En EspaŅol

Q. Who is Mr. Smarty Plants?

A: There are those who suspect Wildflower Center volunteers are the culpable and capable culprits. Yet, others think staff members play some, albeit small, role. You can torture us with your plant questions, but we will never reveal the Green Guru's secret identity.

Help us grow by giving to the Plant Database Fund or by becoming a member

Did you know you can access the Native Plant Information Network with your web-enabled smartphone?

Share

Ask Mr. Smarty Plants

Ask Mr. Smarty Plants is a free service provided by the staff and volunteers at the Lady Bird Johnson Wildflower Center.

Search Smarty Plants
    
 
See a list of all Smarty Plants questions
Can't find the answer in our existing FAQs, submit a question to Mr. Smarty Plants.
Need help with plant identification, visit the plant identification page.
 
rate this answer
3 ratings

Friday - June 05, 2009

From: Cibolo, TX
Region: Southwest
Topic: Diseases and Disorders
Title: Rust-colored spots on Lantana?
Answered by: Joe Marcus

QUESTION:

Mr. Smarty Plants, I live in Cibolo TX and my lantana plants are about 3 years old. They have done exceedingly well until this spring. The leaves have developed brown, rust colored spots and the leaves are dying--even on the new growth. I have trimmed it back twice, first thinking it was due to a freeze, but now I can't figure it out. Is it a mold; insects; fungus? And if so, what do I use to revive them?

ANSWER:

The short answer is, we don't know what is afflicting your lantanas.  There is a rust fungus that infects Lantana spp, but so far as we know it does not occur in Texas.  Other possiblities are lacebugs, spidermites, aphids.  Another possibility is herbicide damage.  Sometimes desirable plants get damaged when weeds are being attacked with herbicides.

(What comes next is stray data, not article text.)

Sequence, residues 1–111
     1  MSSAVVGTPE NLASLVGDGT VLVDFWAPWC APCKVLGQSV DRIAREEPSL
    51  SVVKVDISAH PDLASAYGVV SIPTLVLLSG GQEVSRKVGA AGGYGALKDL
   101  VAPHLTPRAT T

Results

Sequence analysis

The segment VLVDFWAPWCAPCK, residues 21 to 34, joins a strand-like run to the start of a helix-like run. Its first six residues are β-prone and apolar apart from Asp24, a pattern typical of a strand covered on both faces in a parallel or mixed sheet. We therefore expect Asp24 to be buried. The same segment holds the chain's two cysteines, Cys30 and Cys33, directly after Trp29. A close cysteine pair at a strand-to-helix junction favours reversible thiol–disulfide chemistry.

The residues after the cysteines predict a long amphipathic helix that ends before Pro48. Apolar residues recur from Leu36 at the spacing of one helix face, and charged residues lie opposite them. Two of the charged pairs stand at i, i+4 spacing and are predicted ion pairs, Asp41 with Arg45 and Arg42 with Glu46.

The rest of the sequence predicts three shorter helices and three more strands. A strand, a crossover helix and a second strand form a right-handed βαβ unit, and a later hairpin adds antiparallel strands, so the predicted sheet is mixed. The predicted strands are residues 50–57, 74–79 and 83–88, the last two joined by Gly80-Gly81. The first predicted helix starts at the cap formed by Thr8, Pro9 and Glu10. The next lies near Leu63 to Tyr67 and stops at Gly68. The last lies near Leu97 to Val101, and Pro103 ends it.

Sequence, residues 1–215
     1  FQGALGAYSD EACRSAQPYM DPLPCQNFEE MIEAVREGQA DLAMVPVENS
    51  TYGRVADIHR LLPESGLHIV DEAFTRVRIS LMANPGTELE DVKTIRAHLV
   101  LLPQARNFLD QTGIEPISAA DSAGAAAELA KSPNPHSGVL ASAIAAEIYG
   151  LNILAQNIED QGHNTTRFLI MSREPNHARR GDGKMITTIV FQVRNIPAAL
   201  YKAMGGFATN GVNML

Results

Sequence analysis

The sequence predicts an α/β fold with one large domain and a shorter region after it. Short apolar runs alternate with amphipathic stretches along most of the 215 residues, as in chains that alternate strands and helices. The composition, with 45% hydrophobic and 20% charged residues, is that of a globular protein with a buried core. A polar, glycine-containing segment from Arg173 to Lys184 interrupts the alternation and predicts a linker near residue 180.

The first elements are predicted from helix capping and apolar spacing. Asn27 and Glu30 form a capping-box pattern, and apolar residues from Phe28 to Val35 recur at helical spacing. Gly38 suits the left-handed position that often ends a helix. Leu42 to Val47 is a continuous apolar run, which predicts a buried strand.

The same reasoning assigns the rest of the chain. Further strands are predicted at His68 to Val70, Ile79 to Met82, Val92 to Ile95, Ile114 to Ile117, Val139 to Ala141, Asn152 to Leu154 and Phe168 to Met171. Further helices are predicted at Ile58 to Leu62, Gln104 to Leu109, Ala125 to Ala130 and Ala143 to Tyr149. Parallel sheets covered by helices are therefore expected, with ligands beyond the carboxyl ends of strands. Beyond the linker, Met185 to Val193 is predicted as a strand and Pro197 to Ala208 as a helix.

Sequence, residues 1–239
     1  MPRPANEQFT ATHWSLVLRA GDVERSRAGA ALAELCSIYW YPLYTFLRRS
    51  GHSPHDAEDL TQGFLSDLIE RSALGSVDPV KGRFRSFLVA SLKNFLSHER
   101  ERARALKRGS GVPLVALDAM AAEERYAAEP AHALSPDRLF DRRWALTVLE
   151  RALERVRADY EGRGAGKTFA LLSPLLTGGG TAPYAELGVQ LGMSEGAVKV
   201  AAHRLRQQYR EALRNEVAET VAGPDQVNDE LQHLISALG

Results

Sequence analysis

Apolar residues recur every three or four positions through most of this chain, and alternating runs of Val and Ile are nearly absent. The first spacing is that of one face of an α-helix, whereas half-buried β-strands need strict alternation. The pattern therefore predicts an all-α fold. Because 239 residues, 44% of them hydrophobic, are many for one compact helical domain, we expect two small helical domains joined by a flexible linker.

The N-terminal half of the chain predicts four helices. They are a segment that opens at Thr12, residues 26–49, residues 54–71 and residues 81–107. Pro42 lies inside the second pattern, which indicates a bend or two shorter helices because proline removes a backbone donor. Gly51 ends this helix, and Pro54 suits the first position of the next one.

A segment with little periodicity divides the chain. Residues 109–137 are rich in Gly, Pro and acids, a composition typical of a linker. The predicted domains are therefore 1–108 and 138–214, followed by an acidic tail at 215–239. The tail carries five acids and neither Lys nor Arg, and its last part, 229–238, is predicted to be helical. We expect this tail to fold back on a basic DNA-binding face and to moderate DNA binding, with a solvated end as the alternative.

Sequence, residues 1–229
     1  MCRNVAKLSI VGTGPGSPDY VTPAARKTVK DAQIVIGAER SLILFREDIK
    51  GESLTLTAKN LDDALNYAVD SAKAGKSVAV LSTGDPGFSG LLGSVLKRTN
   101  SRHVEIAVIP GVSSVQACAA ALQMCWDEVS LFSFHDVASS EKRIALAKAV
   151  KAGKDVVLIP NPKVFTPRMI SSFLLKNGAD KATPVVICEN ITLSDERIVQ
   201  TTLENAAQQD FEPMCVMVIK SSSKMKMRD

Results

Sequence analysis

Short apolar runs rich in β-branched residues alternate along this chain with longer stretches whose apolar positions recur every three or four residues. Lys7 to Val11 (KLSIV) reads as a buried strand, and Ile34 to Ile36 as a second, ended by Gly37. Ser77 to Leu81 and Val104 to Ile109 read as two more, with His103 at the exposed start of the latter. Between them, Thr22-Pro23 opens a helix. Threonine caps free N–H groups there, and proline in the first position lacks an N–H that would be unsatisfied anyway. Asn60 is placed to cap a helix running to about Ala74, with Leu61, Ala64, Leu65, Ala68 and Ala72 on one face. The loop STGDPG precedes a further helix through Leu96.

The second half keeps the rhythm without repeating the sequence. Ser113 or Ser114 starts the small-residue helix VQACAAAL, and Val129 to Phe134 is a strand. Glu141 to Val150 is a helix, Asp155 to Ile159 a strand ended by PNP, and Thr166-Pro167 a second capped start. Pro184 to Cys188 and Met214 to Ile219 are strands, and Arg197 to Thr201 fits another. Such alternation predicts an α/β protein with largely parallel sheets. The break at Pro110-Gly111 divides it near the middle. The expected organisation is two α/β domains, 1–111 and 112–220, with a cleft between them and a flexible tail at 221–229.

We recommend you take a plant sample - take an entire limb - to your county's Agricultural Extension Service office for analysis.  You'll probably want to call first to make an appointment.  If your county agent cannot diagnose the problem, he or she may advise you to send it to a lab for further analysis.  Once they determine the cause of the problem, they can recommend an appropriate course of action.

 

More Diseases and Disorders Questions

Problem with unknown tree in Austin, Texas
July 23, 2013 - Have recently moved to Austin, Texas and have a tree in my backyard that has been dropping leaves and one major branch appears to be dead. That branch has hard rust colored sap circles (about penny si...
view the full question and answer

Browned foliage on Juniperus ashei in Wimberley TX
April 03, 2011 - We are in Central Texas and have native "cedar" juniper trees. One with foliage that looked brown, on close inspection, is covered with white webs. The foliage looks like it is dying. No worms a...
view the full question and answer

Beneficial earthworms attacked by fire ants
August 04, 2006 - Is there a right way or a trick to releasing earthworms? I have a friend who has an abundance of earthworms in their soil so I took advantage of the situation. I released them in my freshly tilled gar...
view the full question and answer

Changing colors on Mexican Plum trees from Bellaire TX
June 20, 2013 - The leaves on my Mexican Plum tree have recently started turning yellow/brown and the veins in leaves are red. Is this a watering issue or disease issue? Mites are on the leaves. This has been a ra...
view the full question and answer

Trees and shrubs turning brown in Dripping Springs TX
October 31, 2011 - Due to the extended drought - a number of trees and shrubs in our Dripping Springs area property have turned brown. Specifically: Live Oak; Agarita; Ash Juniper; Cedar Elm. Is this a dormant stag...
view the full question and answer

Smarty Plants's Facebook profile Support the Wildflower Center by Donating Online or Becoming a Member today.

Mr. Smarty Plants wants you to be his Facebook friend. Click the Facebook icon to add yourself to Mr. Smarty Plants list of friends.
E-NEWSLETTER | BECOME A MEMBER | DONATE NOW | MEDIA | SITEMAP | STAFF
© 2015 Lady Bird Johnson Wildflower Center